Graphite pencil, acrylic paint, and aluminum on gessoed panel. Signed R. Weaver lower right. This fantasy work based on the Biblical story of Jonah was featured in the 1974 Society of Illustrators, 16th Annual of American Illustration, Illustrators 16. (collection of the Herron School of Art, gift of the artist) #W197
Graphite pencil, pastels, and Prismacolor on illustration board. 32 x 17.5 inches. How many wrestlers do you see? #115
Charcoal pencil, with white chalk. 37.5 x 19 inches. #126
Graphite and water color on paper. 11 x 8.75 inches. Matted. Unsigned. REW would often take his students from John Herron Art Institute to sketch during rehearsals of the Butler University Ballet (Indianapolis, IN). This work, although a study, has great depth because of its composition observing reflections in the dance studio mirrors to set the principal dancers forward. #331A Estate stamped.
Prisma Color on illustration board.
Lithographic print, hand colored by the artist using Pismacolor, and pastels. REW hand colored only two of these Pole Wagon prints. One remains with the inventory the other is now in a private collection. The original drawing from which the prints were created was done in graphite pencil on gessoed panel. #180A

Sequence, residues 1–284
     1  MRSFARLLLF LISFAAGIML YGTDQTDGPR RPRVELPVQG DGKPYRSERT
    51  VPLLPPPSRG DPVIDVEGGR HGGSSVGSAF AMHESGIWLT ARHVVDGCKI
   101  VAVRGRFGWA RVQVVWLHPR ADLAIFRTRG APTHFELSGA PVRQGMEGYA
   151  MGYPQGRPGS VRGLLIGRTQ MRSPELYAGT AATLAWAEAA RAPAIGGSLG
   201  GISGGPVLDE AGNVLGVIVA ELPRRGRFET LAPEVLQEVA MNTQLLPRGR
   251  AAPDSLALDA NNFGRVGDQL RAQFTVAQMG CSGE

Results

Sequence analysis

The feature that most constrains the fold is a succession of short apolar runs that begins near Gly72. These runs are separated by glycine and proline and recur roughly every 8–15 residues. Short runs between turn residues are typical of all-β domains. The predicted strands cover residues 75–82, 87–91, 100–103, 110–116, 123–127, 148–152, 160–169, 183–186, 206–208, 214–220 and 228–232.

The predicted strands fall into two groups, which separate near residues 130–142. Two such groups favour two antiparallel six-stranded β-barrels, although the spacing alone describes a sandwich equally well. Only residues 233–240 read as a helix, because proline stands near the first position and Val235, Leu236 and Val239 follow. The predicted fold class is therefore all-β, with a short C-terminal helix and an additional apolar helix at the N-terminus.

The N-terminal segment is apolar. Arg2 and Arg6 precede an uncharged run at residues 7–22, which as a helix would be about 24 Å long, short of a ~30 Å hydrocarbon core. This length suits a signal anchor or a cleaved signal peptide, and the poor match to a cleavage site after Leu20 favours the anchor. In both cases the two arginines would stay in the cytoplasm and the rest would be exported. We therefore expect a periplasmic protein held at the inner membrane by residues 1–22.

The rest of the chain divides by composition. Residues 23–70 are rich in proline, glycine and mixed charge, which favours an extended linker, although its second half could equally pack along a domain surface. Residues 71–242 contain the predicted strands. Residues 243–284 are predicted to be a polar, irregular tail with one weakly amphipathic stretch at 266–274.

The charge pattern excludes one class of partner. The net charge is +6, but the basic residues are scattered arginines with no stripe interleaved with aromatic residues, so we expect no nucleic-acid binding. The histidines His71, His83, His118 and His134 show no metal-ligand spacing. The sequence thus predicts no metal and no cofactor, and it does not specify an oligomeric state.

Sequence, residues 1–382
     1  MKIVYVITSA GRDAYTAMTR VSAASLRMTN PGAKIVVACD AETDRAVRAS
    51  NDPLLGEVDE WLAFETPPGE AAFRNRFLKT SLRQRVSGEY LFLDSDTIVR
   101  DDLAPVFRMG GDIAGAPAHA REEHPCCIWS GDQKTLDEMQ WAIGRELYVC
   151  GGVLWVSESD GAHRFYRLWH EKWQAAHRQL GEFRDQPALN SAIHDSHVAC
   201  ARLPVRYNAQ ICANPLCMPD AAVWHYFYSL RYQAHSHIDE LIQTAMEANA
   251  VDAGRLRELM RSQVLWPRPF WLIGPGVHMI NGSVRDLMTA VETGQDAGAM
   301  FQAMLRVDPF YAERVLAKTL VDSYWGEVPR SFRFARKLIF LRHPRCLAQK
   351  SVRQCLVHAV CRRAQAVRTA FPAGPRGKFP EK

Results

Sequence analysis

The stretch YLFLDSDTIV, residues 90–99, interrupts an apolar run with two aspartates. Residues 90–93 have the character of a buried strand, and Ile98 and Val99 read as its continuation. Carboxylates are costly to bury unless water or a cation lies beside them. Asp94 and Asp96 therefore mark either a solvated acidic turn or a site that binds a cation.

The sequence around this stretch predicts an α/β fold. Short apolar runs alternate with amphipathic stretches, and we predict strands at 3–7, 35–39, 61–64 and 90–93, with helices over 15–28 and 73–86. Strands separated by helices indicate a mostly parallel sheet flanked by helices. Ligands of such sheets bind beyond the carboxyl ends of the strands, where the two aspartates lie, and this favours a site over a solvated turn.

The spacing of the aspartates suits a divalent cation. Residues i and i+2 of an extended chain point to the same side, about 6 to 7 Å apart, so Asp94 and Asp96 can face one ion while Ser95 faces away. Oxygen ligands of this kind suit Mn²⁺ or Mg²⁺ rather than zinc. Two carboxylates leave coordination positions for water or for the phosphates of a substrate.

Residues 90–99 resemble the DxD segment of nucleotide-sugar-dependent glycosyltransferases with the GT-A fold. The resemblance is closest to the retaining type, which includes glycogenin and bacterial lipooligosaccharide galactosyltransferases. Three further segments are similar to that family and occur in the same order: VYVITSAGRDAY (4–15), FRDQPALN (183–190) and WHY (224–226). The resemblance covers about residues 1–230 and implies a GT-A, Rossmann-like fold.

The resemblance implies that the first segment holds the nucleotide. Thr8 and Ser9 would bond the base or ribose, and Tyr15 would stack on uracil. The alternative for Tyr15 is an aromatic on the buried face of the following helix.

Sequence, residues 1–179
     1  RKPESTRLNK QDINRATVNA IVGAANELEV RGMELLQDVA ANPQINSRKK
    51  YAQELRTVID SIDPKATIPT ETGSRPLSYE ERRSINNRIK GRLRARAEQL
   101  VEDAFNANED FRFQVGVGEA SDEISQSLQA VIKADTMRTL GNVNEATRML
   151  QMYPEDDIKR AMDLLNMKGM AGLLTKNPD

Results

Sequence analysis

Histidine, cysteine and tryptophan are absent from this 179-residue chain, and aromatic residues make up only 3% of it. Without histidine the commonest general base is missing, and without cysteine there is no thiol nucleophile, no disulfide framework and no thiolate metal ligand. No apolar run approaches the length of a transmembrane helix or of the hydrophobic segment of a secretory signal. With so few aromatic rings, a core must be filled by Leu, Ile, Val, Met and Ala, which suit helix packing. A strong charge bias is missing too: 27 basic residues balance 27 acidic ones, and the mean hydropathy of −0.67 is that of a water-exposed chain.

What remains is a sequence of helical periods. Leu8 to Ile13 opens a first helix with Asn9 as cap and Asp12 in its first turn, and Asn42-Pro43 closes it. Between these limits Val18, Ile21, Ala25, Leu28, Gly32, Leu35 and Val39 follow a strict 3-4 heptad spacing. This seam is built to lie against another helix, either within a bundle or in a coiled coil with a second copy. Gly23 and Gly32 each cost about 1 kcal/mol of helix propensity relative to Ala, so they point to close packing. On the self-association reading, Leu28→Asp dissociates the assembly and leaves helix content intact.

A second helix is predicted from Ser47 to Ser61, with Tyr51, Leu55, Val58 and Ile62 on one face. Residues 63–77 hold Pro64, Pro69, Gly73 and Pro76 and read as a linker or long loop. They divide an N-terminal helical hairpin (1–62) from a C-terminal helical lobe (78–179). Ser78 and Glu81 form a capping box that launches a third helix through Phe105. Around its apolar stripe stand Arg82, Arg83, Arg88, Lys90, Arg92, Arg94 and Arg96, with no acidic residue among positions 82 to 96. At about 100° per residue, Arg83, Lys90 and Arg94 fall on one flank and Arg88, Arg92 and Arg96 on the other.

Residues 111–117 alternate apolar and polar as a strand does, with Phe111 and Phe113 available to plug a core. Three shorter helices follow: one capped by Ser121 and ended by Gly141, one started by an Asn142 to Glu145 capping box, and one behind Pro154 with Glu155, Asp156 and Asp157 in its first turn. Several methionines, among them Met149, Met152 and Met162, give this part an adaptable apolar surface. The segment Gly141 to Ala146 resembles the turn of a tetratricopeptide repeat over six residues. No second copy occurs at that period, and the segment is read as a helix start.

India ink and gouache on paper. Another gothic period work by REW in the same flavor as “Man With Scythe.” REW uses perspective to draw you into the subjects world of contemplation.
Graphite pencil, Prismacolor, on board. c. 1980.
Graphite pencil, india ink, gesso, on panel.
Graphite pencil, and Prisma Color. This is just one in a series of twins. REW enjoyed observing people, and illustrating them in a whimsical manor.
Plaster casting with bronze patina. Signed "R. Weaver" on bottom of plinth. REW studied sculpture with David K. Rubins at the Herron School of Art, I.U.P.U.I during his time there in the 1930's. REW showed great talent in this medium, and was one of Rubins's favorite students. REW completed, at the most, 3 sculptures during his lifetime. (private collection of Tracy Thomas)
REW produced several works using a torn paper layering technique, with water colors and/or Prismacolor. Harkening back to his 1956 painting "Circus Poster," now in the collection of the Indianapolis Museum of Art, REW was fascinated with the look of worn circus posters on buildings, reflections of the passing summers when the circus visited town. (private collection)